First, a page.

One of the big votes today will determine whether Florida legalizes the marijuana that gives you a high for treatment on a wide scale. Even ifAmendment 2 gets the required 60 percent, however, don’t expect to see marijuana dispensaries show up anytime soon.
Last week, Boca Raton joined Boynton Beach in approving one-year moratoriums on marijuana shops. As in the other cities, the vote was not controversial. Only one speaker commented, and he favored the moratorium. The only question was whether the moratorium would apply to businesses that offer consulting to potential marijuana entrepreneurs. It wouldn’t.
As I noted previously, the moratorium makes sense. Amendment 2 is broadly written, and some cities could get many applications for licenses. Delray Beach will hold its first vote tonight on a moratorium, and it will pass. For all the promises that medical marijuana will bring new money to government and relief to those who are suffering, beware of big changes that promise nothing but benefits.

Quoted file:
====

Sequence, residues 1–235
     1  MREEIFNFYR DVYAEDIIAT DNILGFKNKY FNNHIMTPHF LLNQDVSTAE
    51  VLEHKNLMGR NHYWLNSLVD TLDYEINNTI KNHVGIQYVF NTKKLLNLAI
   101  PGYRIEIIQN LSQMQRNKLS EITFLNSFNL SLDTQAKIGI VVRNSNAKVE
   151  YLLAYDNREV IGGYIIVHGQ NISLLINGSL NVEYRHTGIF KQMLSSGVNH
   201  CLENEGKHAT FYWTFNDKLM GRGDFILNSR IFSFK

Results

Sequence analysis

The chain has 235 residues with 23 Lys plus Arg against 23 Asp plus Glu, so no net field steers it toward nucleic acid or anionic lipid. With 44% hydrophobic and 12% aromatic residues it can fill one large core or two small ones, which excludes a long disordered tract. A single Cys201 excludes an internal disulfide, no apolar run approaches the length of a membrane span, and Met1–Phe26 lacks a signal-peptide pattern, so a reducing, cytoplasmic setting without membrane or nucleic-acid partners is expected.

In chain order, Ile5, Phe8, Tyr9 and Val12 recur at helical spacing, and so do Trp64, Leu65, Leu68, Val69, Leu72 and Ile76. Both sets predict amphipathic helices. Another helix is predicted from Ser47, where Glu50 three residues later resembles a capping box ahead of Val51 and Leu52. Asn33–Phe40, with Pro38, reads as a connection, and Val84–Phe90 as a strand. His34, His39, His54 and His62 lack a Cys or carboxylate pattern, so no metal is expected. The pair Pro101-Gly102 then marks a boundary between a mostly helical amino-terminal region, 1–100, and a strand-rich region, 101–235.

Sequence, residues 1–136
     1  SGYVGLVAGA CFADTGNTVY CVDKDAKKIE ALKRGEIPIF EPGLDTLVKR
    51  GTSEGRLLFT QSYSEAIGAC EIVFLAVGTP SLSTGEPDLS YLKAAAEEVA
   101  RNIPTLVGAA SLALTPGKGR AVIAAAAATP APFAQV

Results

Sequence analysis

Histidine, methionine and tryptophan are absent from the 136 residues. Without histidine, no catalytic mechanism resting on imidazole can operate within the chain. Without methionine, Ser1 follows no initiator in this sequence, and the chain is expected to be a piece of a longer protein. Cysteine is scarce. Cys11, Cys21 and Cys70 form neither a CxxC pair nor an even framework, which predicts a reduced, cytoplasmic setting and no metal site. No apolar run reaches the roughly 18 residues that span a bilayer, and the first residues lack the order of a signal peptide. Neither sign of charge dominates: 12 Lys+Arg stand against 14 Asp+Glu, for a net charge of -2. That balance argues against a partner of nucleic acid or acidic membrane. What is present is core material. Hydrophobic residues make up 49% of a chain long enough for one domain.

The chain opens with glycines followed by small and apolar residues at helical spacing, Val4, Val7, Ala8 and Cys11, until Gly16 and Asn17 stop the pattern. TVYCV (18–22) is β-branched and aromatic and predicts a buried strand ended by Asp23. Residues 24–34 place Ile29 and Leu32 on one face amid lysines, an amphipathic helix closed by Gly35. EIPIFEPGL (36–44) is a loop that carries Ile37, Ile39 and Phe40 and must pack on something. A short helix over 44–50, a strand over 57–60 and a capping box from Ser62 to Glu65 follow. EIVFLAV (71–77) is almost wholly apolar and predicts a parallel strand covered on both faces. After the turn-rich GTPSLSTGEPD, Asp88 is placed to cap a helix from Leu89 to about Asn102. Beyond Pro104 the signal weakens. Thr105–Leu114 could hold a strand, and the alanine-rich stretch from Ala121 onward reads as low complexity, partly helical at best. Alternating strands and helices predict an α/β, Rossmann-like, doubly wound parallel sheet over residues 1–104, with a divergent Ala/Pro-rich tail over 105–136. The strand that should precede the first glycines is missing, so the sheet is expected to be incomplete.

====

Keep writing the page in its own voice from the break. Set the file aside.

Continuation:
New development regulations
In Delray Beach, a city commission meeting fell on Election Day. So the commission correctly postponed a major item that had been scheduled for discussion tonight.
That would be the first public hearing on proposed new regulations for development in the Central Business District. Crafting the proposal, which is contained in three ordinances, has taken nearly a year, and given what’s at stake there’s no reason to rush. The hearing has been moved to Nov. 18.
Another big issue that originally had been on tonight’s agenda is Atlantic Crossing. The commission is considering a development agreement and an indemnification agreement related to the project. At the Oct. 21 meeting, however, commissioners raised a number of issues, and the city’s legal staff needs time to rework the proposals. City Attorney Noel Pfeffer told me Monday that he doesn’t expect Atlantic Crossing to come back before the commission until at least January.
Delray pension news